Category Archives: Tools

What Can You Do with Crowdsourced Digitization?

In answer to the question in the title of this blog post, you can do a whole lot with crowdsourced digitization. Members of the public can transcribe manuscripts and archival materials (as in the Papers of the War Department and Transcribe Bentham), correct incorrect OCR (as in Trove newspapers), and verify shapes and colors on historical maps (as in Building Inspector). They can also do thing like add tags and comments to materials, which helps make them more findable to other users. Trove offers this to members of the public and so do other projects such as Flickr Commons, which I use a lot for historical photographs.

The types of projects and tasks that seem likely to attract contributors are those that appeal to their interests. In the case of Trove, primary contributors are most interested in family and local history and genealogy. In the case of Transcribe Bentham, frequent contributors were interested in Bentham or history and philosophy more broadly. Main contributors to the Papers of the War Department were similarly interested in American history. These tasks and projects also let contributors feel like they are giving back, that they are contributing to something larger and possibly of historical significance.Building Inspector is somewhat different; it seems more like the sort of task that contributors would do while standing in line or waiting for the bus (and since it’s optimized for mobile devices, I imagine they were). Because the New York Public Library is asking for help, though, I suspect that it would still be seen as altruistic or as helping out with a larger, more important project, similar to the ways in which these other projects are perceived by contributors to them.

Based on my experiences contributing to the Papers of the War Department and Trove, having a wysiwyg and easy-to-use interface is crucial. This is particularly true of the Papers of the War Department, since I had to expend a significant amount of brainpower on reading eighteenth century handwriting. Essentially, the interface can’t stand in the way of the contributor. In terms of community building, it does seem to be helpful to have some sort of community, although that can manifest in different ways. The Trove forums seem to be quite active and a good resource if you’re not quite sure what you’re doing. The Papers of the War Department has basically a conversations tab for each document, on which you can ask questions about the item you’re transcribing. The community of Transcribe Bentham used to be moderated, which was extremely effective but also labor-intensive; now there is a scoreboard, which I’m guessing does some of the same community-building work, but to a lesser degree. The community around Building Inspector is more implied – the same images are shown to three people – but it’s reassuring, as it lets you know that you won’t ruin something.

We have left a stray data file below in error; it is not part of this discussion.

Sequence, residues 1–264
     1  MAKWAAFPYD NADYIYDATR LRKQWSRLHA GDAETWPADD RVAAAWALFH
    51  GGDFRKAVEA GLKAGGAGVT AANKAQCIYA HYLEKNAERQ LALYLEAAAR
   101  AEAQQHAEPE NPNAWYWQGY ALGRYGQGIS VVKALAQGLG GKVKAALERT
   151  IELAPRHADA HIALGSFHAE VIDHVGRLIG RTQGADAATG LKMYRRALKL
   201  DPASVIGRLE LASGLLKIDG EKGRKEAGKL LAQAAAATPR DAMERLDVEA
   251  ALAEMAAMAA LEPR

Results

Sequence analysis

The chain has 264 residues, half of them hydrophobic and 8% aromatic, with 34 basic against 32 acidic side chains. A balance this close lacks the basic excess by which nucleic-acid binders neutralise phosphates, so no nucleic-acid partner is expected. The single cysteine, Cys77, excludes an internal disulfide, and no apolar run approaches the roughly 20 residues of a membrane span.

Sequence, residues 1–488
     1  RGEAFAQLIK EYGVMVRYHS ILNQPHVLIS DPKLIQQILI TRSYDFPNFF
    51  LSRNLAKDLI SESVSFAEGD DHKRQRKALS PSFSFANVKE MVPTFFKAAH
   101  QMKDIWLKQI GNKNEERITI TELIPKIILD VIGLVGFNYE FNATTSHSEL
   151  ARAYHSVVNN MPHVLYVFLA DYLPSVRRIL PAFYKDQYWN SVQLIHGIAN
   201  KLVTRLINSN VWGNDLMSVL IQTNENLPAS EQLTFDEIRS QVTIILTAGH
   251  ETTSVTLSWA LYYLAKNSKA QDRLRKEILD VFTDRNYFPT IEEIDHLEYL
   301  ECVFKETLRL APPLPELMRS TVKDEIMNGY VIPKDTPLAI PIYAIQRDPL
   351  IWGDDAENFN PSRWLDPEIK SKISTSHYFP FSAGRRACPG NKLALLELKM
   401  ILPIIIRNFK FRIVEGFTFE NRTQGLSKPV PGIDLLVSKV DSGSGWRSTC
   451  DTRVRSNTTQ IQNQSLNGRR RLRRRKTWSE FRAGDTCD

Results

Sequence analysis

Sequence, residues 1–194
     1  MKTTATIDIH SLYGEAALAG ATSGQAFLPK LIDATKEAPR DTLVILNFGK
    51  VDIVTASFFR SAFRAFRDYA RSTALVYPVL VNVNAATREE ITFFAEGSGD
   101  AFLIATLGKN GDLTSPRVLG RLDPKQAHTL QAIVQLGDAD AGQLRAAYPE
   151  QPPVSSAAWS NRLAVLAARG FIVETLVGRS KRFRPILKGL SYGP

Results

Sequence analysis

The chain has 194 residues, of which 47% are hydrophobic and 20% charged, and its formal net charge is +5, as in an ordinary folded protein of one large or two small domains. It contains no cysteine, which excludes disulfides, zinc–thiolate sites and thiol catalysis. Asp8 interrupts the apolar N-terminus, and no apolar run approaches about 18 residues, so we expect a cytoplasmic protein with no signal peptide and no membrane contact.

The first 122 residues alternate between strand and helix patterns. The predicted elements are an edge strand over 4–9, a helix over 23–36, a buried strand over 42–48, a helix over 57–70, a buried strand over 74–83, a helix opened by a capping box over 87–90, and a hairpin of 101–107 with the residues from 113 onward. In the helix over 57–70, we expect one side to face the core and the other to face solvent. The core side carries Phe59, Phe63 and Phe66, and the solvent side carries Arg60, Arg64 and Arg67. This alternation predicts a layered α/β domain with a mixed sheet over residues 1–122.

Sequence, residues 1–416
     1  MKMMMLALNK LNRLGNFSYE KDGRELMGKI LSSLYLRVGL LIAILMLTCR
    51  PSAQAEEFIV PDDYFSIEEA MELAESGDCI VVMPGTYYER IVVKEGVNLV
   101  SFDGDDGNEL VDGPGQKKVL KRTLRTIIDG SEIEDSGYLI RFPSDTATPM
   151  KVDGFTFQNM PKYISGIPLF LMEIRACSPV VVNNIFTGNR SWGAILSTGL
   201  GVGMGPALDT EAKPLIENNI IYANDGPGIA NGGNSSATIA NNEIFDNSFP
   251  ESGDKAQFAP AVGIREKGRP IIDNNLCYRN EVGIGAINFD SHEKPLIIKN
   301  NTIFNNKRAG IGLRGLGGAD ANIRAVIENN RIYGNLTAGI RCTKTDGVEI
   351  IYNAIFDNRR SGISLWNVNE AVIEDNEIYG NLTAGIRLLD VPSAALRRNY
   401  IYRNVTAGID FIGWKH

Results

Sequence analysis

There is one aspect of crowdsourced digitization that hasn’t come up, and that is its labor politics. Several project creators/managers indicated that their motivation for crowdsourcing transcription and other work is because their institutions will never have the ability to pay for that labor. I certainly don’t blame organizations for using crowdsourced labor (yay austerity), but I do sometimes (particularly as a member of the information professions) wonder about how/if crowdsourced digitization replaces the creation of finding aids for manuscript collections or of catalog records and metadata for almost any item. Not everyone appreciates metadata, and even among librarians I frequently hear about how we don’t need metadata when everything is full-text searchable. This makes me want to bang my head on the wall, since metadata searching can be sooooooo much easier and more effective. Using unpaid labor – often interns – is also endemic to libraries, museums, and archives, and even full-time labor is often underpaid and undervalued, as these are historically feminized positions that involve soft skills and emotional labor.     

Comparing Voyant, CartoDB, and Palladio